Energy flows and matter cycles among organisms, and between organisms and their environment, create dynamic interconnected systems. In this unit, students learn about the biotic and abiotic factors in a river ecosystem, using the Hudson River as a case study. They then investigate the impact of an invasive species (zebra mussels) on this ecosystem, using teaching case materials created by scientists at the American Museum of Natural History. Students then make hypotheses about how the presence of zebra mussels might affect a specific biotic or abiotic factor. In the context of making these hypotheses, students may revisit biochemical processes, such as photosynthesis and respiration. Finally, using data collected by the Cary Institute, students write scientific explanations confirming or rejecting their hypotheses, thus building an understanding of the role of data and collaboration in the scientific community.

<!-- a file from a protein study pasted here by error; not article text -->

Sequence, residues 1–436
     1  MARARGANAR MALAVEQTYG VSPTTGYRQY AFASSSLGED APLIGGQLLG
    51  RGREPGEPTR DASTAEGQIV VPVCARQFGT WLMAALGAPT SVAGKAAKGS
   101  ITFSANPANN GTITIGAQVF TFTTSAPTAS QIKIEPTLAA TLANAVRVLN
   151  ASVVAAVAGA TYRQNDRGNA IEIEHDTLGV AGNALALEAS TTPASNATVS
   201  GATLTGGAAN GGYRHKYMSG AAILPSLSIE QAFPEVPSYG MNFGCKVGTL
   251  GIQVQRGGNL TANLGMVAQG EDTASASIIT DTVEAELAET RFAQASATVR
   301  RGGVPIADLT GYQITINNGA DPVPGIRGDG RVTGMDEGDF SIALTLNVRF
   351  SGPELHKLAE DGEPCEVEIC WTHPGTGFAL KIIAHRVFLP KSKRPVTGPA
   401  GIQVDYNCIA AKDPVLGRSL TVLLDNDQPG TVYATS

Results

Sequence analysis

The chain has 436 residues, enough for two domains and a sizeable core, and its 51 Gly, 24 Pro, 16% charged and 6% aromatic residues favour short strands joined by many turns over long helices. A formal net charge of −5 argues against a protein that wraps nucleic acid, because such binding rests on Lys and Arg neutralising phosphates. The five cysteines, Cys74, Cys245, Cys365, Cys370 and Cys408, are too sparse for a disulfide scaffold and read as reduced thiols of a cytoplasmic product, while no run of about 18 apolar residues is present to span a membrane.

In what ways are organisms and their environment interdependent?
How can altered ecosystems recover to a point of long-term stability?